Why We’re Not Exercising Enough
Some of us, if we are disciplined or so inclined, work out. I used to go to the gym three times a week. However, I have recently begun to rethink the value of exercise, and I have concluded that I, and Americans in general, don’t exercise nearly enough, even those who spend their lives in gyms.
You see, we have forgotten how to exercise the whole of our being. A few of us may exercise our bodies, but even less exercise our minds and fewer still our spirits. Working out isn’t enough, and sadly, most of us don’t even bother to do that much.
What is exercise?
Most people, when asked to define exercise, would probably define it as working out. However, this is an overly narrow and restrictive definition. In truth, exercise is subjection to the will. There may be many reasons and many ways to do this, but exercise boils down to subjecting x, y, or z to the will.
Why exercise your body?
Perhaps you have not been convinced that you need to exercise your body. I know that I often think, “Genetically, I am programmed to be skinny. I don’t need to work out. My metabolism won’t let me get fat.”
Maybe so, but if I only exercise for the sake of appearances, then I am missing some of the most important reasons to exercise. First, you can exercise for the sake of your health. This is a good reason, but I would argue that there are better and more inclusive reasons to exercise. Of course, bodily health is important for many functions, so it is definitely good to keep yourself in shape.
Second, you can exercise for the very sake of subjecting your body to your will. When I run, many times I have to force myself to keep going because everything in my body tells me to stop. Furthermore, it is this reason which illustrates that bodily exercise can be about more than working out. Abstinence, fasting, and avoiding excess, for example, are forms of exercise.
I believe that the second reason, in fact, is the most in line with what bodily exercise truly is: the subjection of the body to the will. Consequently, when you exercise for the purpose of subjecting the body to the will, you are exercising for the fullest reason. Working out is only one way to exercise, and though it may be important, we should not limit our exercise to muscular exertion.
We should also subject our body to our wills in other ways. We should subject them, not just in action, but in inaction as well. We shouldn’t just force our body to run a 5k, we should force it to not follow any and every sexual, culinary, or climatic desire. This will help to create balance and harmony within the whole of our beings.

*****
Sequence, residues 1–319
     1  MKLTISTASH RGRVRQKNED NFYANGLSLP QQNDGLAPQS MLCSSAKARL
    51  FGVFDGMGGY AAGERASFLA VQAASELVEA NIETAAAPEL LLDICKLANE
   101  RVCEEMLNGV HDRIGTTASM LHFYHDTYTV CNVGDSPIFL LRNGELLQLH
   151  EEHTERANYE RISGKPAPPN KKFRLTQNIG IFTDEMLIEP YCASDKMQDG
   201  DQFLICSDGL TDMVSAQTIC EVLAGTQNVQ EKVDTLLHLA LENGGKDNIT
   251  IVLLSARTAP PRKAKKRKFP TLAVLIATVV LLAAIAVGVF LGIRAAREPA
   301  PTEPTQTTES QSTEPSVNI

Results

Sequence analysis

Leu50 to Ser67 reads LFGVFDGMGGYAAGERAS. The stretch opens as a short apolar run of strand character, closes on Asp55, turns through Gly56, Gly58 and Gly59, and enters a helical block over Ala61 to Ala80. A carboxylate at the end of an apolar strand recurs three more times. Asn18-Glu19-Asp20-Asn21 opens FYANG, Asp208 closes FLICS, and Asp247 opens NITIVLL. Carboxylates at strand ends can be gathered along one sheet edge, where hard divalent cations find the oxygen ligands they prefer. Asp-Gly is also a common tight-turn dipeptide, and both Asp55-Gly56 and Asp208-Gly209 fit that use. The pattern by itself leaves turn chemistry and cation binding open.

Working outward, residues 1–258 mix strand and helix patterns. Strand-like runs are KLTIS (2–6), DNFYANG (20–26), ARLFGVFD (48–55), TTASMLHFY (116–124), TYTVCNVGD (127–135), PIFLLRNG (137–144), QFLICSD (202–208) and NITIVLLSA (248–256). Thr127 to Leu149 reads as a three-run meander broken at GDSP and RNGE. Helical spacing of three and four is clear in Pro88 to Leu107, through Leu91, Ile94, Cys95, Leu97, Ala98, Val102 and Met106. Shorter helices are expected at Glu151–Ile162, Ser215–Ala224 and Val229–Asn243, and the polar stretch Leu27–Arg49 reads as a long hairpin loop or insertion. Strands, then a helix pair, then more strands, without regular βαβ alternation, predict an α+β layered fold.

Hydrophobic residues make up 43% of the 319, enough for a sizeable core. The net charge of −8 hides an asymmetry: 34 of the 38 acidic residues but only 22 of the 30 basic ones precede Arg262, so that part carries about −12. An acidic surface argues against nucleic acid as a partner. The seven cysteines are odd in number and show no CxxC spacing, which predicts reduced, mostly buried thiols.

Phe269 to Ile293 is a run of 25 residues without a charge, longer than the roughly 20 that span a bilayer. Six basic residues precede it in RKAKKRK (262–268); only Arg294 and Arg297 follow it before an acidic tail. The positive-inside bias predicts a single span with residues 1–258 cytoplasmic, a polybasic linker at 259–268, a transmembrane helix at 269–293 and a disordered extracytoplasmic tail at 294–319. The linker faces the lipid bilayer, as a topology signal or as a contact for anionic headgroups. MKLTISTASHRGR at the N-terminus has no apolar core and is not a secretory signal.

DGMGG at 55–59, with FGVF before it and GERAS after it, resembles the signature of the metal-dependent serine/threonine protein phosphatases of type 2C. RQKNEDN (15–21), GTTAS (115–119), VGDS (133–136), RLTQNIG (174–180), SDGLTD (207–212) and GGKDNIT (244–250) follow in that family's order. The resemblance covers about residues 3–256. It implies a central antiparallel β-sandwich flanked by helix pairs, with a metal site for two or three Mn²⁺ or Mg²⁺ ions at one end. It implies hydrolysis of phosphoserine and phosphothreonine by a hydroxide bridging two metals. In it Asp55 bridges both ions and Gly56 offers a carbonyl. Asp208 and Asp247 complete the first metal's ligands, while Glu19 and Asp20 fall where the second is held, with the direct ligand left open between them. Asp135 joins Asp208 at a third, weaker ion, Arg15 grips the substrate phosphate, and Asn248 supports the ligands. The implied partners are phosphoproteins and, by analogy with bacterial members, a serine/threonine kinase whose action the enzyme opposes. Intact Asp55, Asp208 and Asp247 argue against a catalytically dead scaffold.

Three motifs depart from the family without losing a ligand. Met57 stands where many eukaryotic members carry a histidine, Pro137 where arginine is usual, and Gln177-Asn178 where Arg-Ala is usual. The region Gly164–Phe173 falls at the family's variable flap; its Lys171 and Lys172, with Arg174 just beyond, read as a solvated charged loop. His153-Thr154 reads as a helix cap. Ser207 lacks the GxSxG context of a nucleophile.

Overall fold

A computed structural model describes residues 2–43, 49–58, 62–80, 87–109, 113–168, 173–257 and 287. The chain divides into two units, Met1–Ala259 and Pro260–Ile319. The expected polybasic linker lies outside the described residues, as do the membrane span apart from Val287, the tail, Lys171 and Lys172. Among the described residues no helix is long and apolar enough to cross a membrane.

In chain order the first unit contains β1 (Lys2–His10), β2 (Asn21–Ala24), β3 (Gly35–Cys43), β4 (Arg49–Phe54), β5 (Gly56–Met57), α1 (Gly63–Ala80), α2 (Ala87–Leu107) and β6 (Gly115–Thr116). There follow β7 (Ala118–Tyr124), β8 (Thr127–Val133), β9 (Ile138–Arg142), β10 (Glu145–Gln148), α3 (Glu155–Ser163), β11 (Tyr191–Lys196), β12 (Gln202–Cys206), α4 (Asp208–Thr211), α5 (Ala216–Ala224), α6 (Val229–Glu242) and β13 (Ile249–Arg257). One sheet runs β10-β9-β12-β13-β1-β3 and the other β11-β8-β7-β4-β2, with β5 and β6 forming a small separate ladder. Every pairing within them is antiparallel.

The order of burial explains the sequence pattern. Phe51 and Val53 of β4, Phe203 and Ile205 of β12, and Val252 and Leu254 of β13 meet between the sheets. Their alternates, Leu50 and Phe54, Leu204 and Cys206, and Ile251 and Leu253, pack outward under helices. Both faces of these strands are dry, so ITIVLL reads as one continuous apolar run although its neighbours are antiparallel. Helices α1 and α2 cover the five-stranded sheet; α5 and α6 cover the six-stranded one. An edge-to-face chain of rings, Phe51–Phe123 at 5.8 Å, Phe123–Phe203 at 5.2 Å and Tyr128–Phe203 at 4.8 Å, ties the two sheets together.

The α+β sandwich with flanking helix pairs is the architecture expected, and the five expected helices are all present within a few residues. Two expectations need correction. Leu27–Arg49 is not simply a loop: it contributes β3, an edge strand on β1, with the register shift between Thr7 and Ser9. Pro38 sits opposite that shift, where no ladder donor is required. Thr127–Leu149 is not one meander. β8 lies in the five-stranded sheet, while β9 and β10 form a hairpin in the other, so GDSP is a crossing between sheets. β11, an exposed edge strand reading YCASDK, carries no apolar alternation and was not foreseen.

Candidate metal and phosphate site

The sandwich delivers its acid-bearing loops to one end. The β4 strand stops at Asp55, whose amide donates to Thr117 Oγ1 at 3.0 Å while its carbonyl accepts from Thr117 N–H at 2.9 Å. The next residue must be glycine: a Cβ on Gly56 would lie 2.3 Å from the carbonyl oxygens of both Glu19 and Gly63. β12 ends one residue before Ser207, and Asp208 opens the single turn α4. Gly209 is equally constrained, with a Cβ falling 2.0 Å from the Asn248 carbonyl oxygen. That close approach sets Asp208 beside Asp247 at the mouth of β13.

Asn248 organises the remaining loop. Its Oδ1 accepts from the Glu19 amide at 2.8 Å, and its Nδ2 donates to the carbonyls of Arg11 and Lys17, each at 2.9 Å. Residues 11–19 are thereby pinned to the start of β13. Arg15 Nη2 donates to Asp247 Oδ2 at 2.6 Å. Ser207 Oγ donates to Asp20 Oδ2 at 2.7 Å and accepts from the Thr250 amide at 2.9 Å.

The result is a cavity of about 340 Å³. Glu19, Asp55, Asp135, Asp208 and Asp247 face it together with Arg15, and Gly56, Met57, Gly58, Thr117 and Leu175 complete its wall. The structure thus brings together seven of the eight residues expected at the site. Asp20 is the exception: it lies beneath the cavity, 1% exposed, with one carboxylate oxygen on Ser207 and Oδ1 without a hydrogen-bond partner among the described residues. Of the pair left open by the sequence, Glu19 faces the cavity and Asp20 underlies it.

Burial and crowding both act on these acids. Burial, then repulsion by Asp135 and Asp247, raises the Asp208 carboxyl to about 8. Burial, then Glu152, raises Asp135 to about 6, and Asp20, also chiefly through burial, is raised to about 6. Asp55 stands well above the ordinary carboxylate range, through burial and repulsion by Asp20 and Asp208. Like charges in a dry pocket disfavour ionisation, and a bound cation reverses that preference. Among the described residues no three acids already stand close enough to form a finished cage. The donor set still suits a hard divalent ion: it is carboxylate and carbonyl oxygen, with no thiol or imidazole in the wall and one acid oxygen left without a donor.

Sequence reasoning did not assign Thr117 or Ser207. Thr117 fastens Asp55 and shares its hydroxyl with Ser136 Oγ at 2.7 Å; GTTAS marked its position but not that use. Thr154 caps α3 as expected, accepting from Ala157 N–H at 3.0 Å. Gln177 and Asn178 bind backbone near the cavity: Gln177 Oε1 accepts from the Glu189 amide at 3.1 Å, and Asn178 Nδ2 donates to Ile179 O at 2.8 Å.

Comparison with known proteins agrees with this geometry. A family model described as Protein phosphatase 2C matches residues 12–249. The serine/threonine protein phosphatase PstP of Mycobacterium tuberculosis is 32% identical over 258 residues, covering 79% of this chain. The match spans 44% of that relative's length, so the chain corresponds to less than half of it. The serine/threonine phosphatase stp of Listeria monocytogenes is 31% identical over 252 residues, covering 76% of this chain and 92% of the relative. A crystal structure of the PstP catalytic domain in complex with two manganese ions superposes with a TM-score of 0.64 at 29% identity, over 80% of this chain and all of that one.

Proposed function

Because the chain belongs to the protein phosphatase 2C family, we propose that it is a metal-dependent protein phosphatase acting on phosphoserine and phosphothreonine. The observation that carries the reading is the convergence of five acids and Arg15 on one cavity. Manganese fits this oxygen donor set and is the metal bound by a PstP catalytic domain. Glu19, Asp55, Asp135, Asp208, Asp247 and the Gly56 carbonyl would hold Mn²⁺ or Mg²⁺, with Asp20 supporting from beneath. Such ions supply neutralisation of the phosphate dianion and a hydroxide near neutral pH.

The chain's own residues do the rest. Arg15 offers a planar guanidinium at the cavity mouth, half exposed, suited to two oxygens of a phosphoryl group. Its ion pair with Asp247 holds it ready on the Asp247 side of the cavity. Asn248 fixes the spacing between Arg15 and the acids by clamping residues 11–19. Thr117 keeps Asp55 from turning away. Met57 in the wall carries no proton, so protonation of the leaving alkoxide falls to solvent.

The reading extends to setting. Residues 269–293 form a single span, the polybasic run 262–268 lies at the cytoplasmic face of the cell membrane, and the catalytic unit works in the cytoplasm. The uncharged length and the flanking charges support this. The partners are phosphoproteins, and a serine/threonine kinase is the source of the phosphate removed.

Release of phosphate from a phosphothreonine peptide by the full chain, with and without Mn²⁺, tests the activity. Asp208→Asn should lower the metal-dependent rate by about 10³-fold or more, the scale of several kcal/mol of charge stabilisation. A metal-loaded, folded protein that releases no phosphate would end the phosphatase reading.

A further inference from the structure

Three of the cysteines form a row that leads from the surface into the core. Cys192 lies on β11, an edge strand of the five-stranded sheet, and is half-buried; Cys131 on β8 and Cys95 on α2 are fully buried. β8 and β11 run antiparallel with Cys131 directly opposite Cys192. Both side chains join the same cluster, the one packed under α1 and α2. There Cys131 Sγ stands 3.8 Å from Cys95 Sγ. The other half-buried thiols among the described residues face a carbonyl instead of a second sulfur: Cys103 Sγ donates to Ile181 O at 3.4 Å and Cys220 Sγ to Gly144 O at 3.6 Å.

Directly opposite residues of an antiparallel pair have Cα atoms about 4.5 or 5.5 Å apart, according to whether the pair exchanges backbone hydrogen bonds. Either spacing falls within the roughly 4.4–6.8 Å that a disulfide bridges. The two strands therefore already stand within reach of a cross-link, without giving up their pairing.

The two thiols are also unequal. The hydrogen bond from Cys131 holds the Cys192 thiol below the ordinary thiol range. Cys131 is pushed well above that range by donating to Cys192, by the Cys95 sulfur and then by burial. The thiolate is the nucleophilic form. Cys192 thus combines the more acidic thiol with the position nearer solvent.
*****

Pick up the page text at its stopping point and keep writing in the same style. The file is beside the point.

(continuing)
Why exercise your mind?
Besides bodily exercise, there is mental exercise. This can range from solving mathematical formulae to forcing your thoughts to maintain one line of reasoning for a length of time. As with bodily exercise, there are a few reasons to perform these tasks.
First, using your mind will strengthen it. Your ability to recognize patterns, reach logical conclusions quickly and accurately, and to perceive the world around you will be enhanced. Also, putting your mind through tough work can help stave off diseases such as Alzheimer’s.
Second, these tasks can be very tiring, and forcing yourself to continue helps to subjugate your mind to your will. This is important if you wish to “take every thought captive.” Also, this is crucial if we are to avoid pride, rage, blind love, or any other sort of emotion which normally has free range over the mind.
Why exercise your spirit?
We are spiritual beings. Genesis tells us that we are created in God’s image, possessing a spirit. Like God, we are creative. Furthermore, we were created with a purpose, and our spirit man can only thrive when fulfilling that purpose. Genesis tells us that man is created to have dominion over the earth. Essentially, it is our purpose to make the world a more garden-like place.
If we begin working in our spiritual capacity, we will strengthen our spirit. When engaged in making the world a more beautiful, just, or peaceful place, our spirits thrive. This will, in turn, make us more spiritually aware and in tune with God’s will for our lives.
Subjecting our spirits to do the tasks they were created to do is crucial for spiritual growth, and is incredibly critical if we are to avoid contributing to the consequences of the fall. We must actively exercise our spirit in creating beauty, justice, and peace if we are to avoid creating something which is ugly, unjust, and volatile.
Why aren’t we exercising enough? Because we have a reductionistic view of exercise that limits it to muscular activity. We forget that we can, and should, exercise so much more than just our bodies. We must exercise our minds and our spirits. We must pursue wholesome exercise.
Two weeks ago, I wrote about the Greek concept of sophrosyne. If we are to live with sophrosyne (balance, moderation, temperance), we must learn to subjugate our bodies, minds, and spirits to the tasks that they were created to do. We should not allow any one part of our whole to override the others or to fall into disuse. We cannot allow ourselves to follow all of our bodily passions, nor can we let our minds fall prey to falsehood or arrogance, neither can we create at every whim, for then we would create pain and disorder. Instead, we must exercise our whole beings, a monumental task.